INDIANAPOLIS — Even as America exiting Afghanistan and its longest war, Hoosiers are helping Afghans staying behind in their home country and those coming to the United States to make a new home.
Exodus Refugee Immigrations works in Indianapolis to help resettle refugees coming from other countries.
Executive Director Cole Varga said they’ve already helped a few Afghan families in August, but they expect that number to go up and they’re preparing to help them all.
“We have an apartment we set up for them with donated items, furnished, food for a couple weeks,” Varga said. “We’re getting the kids enrolled in schools, the parents enrolled in adult English classes here at our office.”
Varga said they help find jobs for the parents, provide mental health services, connect them with doctors, and do whatever they can do to help soften the shock and trauma of the last month or so in Afghanistan.
“The loss of their country to the Taliban, the loss of their homes, perhaps family members who got left behind,” Varga said.
He said they’re in need of anything people can donate or any donations that can be made.
“Your dinner table, chairs, forks, pots, pans,” Varga said. “We need all of those items because our new families don’t have them, they had to leave them behind in Afghanistan and we want to make sure they have a safe and welcoming home.”
Varga said any donations will go toward their programs to help refugees with legal services, mental health, and more.
On top of that, Exodus Immigration has an Amazon Wish List and accepts volunteers who can help. Varga said they would love to have people who could teach English classes or mentor families.
Two Exodus Refugee Immigration staff members are also on a two-week mission right now to help refugees coming into the country. Varga said these two staff members are working 12–14-hour days at a military base to help process refugees coming into the U.S.
“They’ve been busy,” Varga said. “Plane loads of 200 people hopping off the plane and staying on these bases and we’ve got to process all of them.”
Varga said the process of bringing refugees from Afghanistan into the country has been expedited, but it is no less thorough, and it is very important the U.S. help these allies.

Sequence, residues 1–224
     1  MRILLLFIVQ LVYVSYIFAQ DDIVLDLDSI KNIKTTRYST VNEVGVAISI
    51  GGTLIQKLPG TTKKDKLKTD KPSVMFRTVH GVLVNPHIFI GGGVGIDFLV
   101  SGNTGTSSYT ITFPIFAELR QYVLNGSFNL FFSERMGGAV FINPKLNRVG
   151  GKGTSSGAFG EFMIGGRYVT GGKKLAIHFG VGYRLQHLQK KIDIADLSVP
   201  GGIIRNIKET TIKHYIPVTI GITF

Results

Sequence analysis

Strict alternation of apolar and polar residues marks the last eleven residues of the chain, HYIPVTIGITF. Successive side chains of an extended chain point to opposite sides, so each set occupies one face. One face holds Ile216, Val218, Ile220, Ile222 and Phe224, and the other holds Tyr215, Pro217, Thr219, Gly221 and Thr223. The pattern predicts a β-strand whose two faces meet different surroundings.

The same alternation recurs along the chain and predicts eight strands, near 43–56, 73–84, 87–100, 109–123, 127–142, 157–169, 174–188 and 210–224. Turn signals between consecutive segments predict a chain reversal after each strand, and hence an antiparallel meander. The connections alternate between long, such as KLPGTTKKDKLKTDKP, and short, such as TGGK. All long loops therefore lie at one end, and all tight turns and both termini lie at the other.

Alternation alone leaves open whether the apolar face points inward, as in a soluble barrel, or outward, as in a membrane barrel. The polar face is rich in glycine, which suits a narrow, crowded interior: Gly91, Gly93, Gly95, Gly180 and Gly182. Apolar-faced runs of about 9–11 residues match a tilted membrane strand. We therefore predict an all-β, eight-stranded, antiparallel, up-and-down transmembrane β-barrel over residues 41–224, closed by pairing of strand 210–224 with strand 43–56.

“We’ve got to get these people that worked so hard alongside U.S. forces for 20 years, we’ve got to make sure we honor our commitments to them and keep them and their families safe,” Varga said.
As some Afghans leave to start new lives elsewhere, there are still many more Afghans still in their home country who need help.
This is the mission of Bibi Bahrami and her non-profit, Afghan Women’s and Kids’ Education & Necessities or AWAKEN.
For 20 years, AWAKEN has worked in Afghanistan to teach women vocational classes, built a school, opened a healthcare clinic, and more. But now the future of AWAKEN is uncertain with the Taliban in control.
“I’m worried for their safety and their future,” Bahrami said.
Bahrami said all of the programs are currently paused except for the clinic, out of fear of the Taliban.
“We told our doctors and staff to continue the services and try to be as secure to protect yourself, your privacy, and others’ security,” she said.
Bahrami said she still has a lot of family in Afghanistan. One of her nephews was even hurt in the bombing outside the Afghan airport, another nephew tried to get his family out of the country but wasn’t successful. She’s hoping she’ll eventually be able to return to her home country.
“That will be my dream,” Bahrami said. “That I can go to a secure country and visit my family and visit my country, my birth country.”
As for how Hoosiers can help AWAKEN, Bahrami has a simple ask.
“I will appreciate everyone’s prayers and their financial support,” she said.
People can donate to AWAKEN on its website.
Bahrami said they are also partnering with a local First Presbyterian Church to collect supplies to send to U.S. military bases accepting refugees.
If you would like to donate household items or money, volunteer your time, or even buy something off the Exodus Refugee Amazon wish list, you can find that information on the Exodus Refugee Immigration website.